USNS Spearhead to play major role in regional military operations

By Dialogo
April 09, 2014

NAVAL STATION MAYPORT, U.S.A. – The U.S. Southern Command (USSOUTHCOM) has a new spearhead in the regional counter-narcotics, maritime security, cooperation and contingency operations.
Called “USNS Spearhead,” the 103-meter-long catamaran that can seat 312 troops and has a top speed of 79.6 kilometers per hour will depart on a 4 ½-month deployment from Joint Expeditionary Base Little Creek in the U.S. state of Virginia in late May.
USNS Spearhead will assist in security cooperation activities, maritime security, counter-narcotics trafficking and contingency operations, which include humanitarian assistance and disaster relief, throughout the region.
The vessel, which has a mission bay area of 1,858 square meters and a helicopter deck, will visit Belize, the Dominican Republic, Guatemala, Honduras and Colombia during its visit.
In addition to port visits, it will patrol the waters of the Caribbean and Eastern Pacific in search of traffickers transporting narcotics and other illicit material. During these periods at sea, the Spearhead will be operating as a crucial part of Operation Martillo. Operation Martillo is a 14-nation effort designed to shift illicit trafficking out of the littoral regions of Central American countries.
Operation Martillo includes Canada, Belize, Colombia, Costa Rica, El Salvador, France, Guatemala, Honduras, the Netherlands, Nicaragua, Panama, Spain, the United Kingdom and the United States.
It has been successful in building partner nation capacity, enhancing interoperability and communications, and increasing disruptions of illicit cargo while en route to Central and North America. To execute this combined operation, U.S., partner nations and allied force ships and aircraft provide persistent presence in select maritime zones. Operation Martillo continues to exploit the use of unconventional platforms and the participation of U.S. and partner nation law enforcement agencies. The Spearhead fits well within this goal.
“The mission is set to be an exciting deployment,” Ken Miller, U.S. Naval Forces Southern Command’s lead planner for the mission, said in a prepared statement. “The final planning conference is a key milestone in the operations planning cycle and helps to blend the detailed planning being done by all stakeholders.”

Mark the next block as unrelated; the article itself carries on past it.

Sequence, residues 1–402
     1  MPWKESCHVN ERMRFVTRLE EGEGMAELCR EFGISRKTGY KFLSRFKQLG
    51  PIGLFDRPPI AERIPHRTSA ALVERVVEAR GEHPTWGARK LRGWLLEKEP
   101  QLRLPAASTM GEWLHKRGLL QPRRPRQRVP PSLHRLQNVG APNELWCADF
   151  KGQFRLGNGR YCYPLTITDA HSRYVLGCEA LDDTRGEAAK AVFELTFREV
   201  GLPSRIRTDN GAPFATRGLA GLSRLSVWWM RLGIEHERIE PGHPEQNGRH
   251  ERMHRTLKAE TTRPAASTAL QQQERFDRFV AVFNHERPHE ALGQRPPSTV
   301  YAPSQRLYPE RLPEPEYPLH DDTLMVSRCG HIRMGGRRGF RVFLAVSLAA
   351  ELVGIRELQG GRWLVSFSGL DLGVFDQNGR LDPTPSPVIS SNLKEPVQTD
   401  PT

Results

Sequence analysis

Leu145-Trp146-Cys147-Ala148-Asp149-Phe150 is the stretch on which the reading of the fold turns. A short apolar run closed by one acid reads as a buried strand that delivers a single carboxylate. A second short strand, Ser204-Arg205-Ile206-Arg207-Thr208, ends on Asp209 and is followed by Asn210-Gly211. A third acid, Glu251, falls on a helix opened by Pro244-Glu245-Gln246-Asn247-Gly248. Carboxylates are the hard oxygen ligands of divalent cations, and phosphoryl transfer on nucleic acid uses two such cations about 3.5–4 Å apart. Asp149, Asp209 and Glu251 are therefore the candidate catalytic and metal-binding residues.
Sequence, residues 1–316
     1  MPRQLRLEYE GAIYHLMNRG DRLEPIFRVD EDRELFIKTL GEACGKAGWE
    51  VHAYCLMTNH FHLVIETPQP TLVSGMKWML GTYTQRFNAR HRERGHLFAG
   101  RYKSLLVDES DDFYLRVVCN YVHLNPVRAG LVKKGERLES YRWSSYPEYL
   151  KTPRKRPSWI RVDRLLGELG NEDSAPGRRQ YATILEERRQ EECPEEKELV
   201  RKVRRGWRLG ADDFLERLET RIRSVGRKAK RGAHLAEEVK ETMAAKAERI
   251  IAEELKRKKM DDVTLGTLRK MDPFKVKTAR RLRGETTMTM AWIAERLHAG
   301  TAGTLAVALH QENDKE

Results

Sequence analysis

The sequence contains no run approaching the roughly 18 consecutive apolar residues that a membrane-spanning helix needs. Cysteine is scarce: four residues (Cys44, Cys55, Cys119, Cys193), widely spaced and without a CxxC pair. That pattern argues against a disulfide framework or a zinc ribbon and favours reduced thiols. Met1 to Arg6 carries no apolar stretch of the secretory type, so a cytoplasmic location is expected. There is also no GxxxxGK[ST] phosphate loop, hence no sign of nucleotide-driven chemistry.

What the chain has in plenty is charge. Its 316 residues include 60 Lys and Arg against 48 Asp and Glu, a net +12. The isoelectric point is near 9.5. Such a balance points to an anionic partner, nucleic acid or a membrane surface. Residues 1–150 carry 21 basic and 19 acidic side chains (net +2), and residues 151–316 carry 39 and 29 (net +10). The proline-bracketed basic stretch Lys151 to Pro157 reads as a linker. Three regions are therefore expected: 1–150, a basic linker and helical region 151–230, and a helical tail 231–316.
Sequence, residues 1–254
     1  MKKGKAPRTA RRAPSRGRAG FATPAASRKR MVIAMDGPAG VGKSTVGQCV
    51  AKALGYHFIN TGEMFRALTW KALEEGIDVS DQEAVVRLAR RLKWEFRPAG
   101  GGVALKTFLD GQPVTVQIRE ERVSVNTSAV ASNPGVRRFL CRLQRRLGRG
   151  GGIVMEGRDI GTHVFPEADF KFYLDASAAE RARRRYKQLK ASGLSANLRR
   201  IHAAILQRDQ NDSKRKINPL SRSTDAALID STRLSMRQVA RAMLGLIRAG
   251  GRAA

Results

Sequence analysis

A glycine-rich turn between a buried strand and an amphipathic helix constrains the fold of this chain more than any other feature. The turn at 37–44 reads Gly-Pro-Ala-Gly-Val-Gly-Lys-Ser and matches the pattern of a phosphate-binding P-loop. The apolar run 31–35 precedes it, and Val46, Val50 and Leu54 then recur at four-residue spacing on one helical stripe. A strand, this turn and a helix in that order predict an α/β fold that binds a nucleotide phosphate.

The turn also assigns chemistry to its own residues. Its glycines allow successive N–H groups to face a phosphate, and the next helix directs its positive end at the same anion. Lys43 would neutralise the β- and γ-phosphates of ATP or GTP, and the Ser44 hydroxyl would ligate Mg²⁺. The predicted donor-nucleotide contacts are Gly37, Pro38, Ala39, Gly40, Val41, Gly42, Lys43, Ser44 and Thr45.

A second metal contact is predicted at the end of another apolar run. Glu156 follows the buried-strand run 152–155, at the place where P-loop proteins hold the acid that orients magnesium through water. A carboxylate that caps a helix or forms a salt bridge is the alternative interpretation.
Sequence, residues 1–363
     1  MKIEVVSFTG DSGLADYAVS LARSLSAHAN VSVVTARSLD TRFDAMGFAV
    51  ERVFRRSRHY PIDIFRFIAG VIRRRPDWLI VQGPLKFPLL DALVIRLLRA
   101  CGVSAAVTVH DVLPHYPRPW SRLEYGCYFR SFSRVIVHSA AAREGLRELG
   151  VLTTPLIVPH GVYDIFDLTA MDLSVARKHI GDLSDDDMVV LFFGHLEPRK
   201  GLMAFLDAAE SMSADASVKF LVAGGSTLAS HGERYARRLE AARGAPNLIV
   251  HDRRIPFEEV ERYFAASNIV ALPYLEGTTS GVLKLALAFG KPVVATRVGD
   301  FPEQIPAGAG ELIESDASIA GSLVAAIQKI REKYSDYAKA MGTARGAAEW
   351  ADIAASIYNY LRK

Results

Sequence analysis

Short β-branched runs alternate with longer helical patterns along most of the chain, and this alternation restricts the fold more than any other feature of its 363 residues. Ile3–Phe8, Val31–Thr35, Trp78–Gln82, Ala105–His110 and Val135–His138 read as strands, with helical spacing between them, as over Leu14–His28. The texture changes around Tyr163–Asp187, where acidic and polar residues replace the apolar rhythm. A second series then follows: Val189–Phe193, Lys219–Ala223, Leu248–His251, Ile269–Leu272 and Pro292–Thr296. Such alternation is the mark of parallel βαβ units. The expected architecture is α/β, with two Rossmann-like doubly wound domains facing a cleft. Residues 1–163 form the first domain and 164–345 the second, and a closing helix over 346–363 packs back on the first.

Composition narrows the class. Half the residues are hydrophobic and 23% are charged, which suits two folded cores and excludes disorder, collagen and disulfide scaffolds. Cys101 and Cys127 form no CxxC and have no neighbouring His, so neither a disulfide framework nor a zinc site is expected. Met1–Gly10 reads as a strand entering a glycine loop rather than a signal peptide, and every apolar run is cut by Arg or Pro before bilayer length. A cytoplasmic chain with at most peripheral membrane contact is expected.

The service members and civilians met in late March to finalize details of USNS Spearhead’s deployment.
The mission, known as Southern Partnership Station-Joint High Speed Vessel 2014, will build on the experiences of USNS Swift, another catamaran that participated in Southern Partnership Station 2013 and completed testing of an unmanned blimp and unmanned aerial vehicle in 2013.
USNS Spearhead will carry a Seabee detachment, a Marine Corps security cooperation team, a riverine crew and others to Belize. It also will carry U.S. Marines and their equipment from the 4th Law Enforcement Battalion to the Dominican Republic for Tradewinds 2014, a USSOUTHCOM-sponsored exercise that seeks to increase regional cooperation in countering illicit trafficking.
Later this summer, USNS Spearhead will transport personnel from Belize to Guatemala and carry a mobile diving and salvage unit and an explosive ordnance disposal team from Guatemala to Colombia. It will then take the same units from Guatemala and Colombia to Honduras for training in the Central American nation.
After additional detection and monitoring and experimentation periods, it will return the units to the United States in early October, concluding Southern Partnership Station 2014.
Spearhead was built in the city of Mobile in the U.S. state of Alabama and delivered to the Military Sealift Command in late 2012.
The vessel’s first deployment began early this year and was sent to the 6th Fleet area of operations, where it supported security cooperation and maritime security efforts in the Mediterranean Sea, on the Atlantic coast of Africa and in the Gulf of Guinea.
It is one of 10 joint high-speed vessels to be built for the Navy. The vessels will have civilian crews.
Capt. Sam Hancock, the commander of Destroyer Squadron 40 (DESRON), will be the mission commander for the Southern Partnership Station-Joint High Speed Vessel 2014.
“DESRON 40 is looking forward to this deployment,” Hancock said in a prepared statement. “We look forward to the opportunity to see what [USNS Spearhead] can do on its maiden voyage to our [area of responsibility] and build on that for the future.”